Turns out it was a perfect morning to be out on the trails. I chose the snowmobile trails because it would have been too soft on the mountain bike trails. I didn’t expect to see any snowmobiles in these conditions. Although I did see one.
And I was passed by two other fatbikers who seemed to have the same idea. While up on Spirit Mountain I could see some dog sled races on a parallel trail. They all had teams of four dogs and were flying. I tried to snap a few photos through the trees, but they were going so fast it was hard to capture.
You have to look really hard to see them in this picture. Four blackish colored dogs and the front end of a sled just behind them. You know winter isn’t over yet when you run across dog sleds.
The forecast for the next ten days calls for 40’s and 50’s. Not normal for us. So this may really be the end of our ride-able snow. Although, if I get out really early tomorrw I might still get in one more ride.
After a sunny 50degF/10degC day last Saturday I didn’t expect our snow cover to survive. We lost a good amount of snow, but not all of it. The warm spell only lasted a day. Winter came back Sunday. We had temps in the 30’s with a burst of snowfall during the day. It only amounted to an inch or two. It was just enough to cover up the icy spots from all the melting on Saturday.
Then last night we had a low around 2degF/-17degC. The snow that was still left really set up nice in the overnight cold. With a warming trend coming I thought I’d better get out today to see if there was still snow to ride. To my surprise, it was in great condition. The Brewer Park Trails on the ridge above my house were freshly groomed. Again when I least expected it, I find fantastic riding conditions. When I got home from work around 4:00 the temperature had risen only to 22degF/-6degC.
I got in a short ride. Enjoyed the solitude of the trail all to myself. Great views of the Aerial Lift Bridge and Lake Superior beyond. And some wonderful, late in the day sunlight on the trails.
It was just what I needed. To all those local fatbikers who weren’t out there, man did you miss out on some fast trails today.
My route today: //ridewithgps.com/trips/8011917/embed
I worked half a day today. When I got home I knew what I wanted to do. Get back out on the Pugsley while we still have snow. It’s supposed to be in the upper 40’s tomorrow. It’s going to make quite a bit of our snow disappear. It was above freezing by noon today with plentiful sunshine. That meant I wouldn’t be able to get back out on the freshly groomed mountain bike trails I had ridden yesterday. Too warm. Riding in warm, soft conditions leaves nasty ruts. The alternative was to return to my old stomping grounds. The snowmobile trails of Western Duluth. Fatbikes have been banned from snowmobile trails according to recent DNR policies. But I figured I wouldn’t see any other snowmobiles on a day like today. I was close. I only saw three the couple of hours I was out there. I still consider these trails within the city to be mutli-use trails. I saw more dog walkers then snowmobiles on the trails today. And one cross-country skier. Are they banned too?
My route today: //ridewithgps.com/trips/7965572/embed
The first and last mile were on-street riding. The remaining 12 miles was completely on snow. I made my way down to the Munger Trail. Took a side trail up hill to the Magney Snively area. It was a steep hike-a-bike out of the St Louis River Valley. Then a short out and back to Bardon Peak. Followed by a trail around Spirit Mountain and back home. It’s a very picturesque route and spectacular on a late winter sunny day like today. Sometimes it’s hard to believe all this beauty is within the city limits of Duluth.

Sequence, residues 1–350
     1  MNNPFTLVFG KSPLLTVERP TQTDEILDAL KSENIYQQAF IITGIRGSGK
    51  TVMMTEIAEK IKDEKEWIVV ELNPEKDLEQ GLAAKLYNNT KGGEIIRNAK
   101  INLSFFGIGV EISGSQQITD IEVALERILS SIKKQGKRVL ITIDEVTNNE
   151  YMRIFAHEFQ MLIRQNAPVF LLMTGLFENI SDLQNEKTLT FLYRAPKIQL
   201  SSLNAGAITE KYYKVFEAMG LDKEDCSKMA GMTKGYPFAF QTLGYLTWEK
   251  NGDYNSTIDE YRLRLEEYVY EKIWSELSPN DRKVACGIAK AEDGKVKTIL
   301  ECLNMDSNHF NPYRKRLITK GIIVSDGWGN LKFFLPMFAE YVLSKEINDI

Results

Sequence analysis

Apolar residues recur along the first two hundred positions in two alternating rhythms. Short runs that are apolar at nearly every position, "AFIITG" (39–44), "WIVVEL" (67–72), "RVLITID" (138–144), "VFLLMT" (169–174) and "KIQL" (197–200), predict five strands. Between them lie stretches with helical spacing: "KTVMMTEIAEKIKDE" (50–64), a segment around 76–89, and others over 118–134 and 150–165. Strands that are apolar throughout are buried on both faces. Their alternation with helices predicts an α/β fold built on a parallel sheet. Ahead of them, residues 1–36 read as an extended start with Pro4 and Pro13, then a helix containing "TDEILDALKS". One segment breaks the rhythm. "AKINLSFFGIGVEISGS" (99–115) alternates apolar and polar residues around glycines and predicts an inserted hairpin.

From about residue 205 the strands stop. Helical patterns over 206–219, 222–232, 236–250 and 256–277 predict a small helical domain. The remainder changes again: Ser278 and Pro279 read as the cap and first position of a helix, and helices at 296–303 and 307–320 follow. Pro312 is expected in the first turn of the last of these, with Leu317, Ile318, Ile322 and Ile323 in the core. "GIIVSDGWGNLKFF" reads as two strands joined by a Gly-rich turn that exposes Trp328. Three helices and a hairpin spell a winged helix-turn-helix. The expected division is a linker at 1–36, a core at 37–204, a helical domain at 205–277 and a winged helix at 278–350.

I can never ride past the Bardon Peak overlook without snapping a few photos.
I realized how much I miss riding these trails. I enjoy cruising along on the snowmobile trails so much more than the twisty narrow single track mountain bike trails.
I’ve been saying this for 10 winters, ever since I bought my Pugsley, these kind of winter rides are my favorite rides of the year. With the warm temps I was able to ride without any ear or neck covering. My jacket was unzipped most of the ride and I still was overheating.
Wish you could all join me for a winter ride Northeastern Minnesota style.
I’m not sure if anyone watches these, but here’s three separate rear view videos from my Cycliq Fly6 taillight/camera from today’s ride:
Just when I think the trail conditions couldn’t be any good, I have another great ride. The weather has been cycling between above normal and normal conditions for the past month or more. We have a warm spell and loose 2 -4 inches of base snow. Then it turns colder, snows, and we gain back 1 or 2 inches. We had some sloppy wet snowfall earlier in the week. I thought for sure the trails would be icy and deteriorated. Then today I get off work early. I saw a Tweet that the trails on the ridge above my house were freshly groomed and in pretty good condition. That’s all it took. I know very well from past experience this time of year that if you don’t go when the conditions are good you may not have another opportunity until next winter. Up here the opposite is also possible. We could be riding snow well into April. I don’t expect that though. Not with the warm winter we’ve been having.
The trails turned out to be quite exceptional. I’m soooo happy I got myself out even if I had to cut it short to attend a community meeting about the local bike infrastructure.
Here’s the GPS from my ride://ridewithgps.com/trips/7957168/embed
Here’s another Cycliq Fly6 tailight/camera recording. It’s ten minutes worth of the ride from about mile 5 to 6. At minute 7:30 to 9:17 I stop to talk with Tim Ek. He’s a local endurance rider sponsored by Salsa Cycles. He has wonderful way of putting his adventures into words on his blog. He’s also a full time, year round bike commuter. For years our daily bike commute crossed paths. He used to be the only other winter rider I’d see. Nowadays we have quite a bit more company out there during the winter months.
It was a good day to be out on a bike.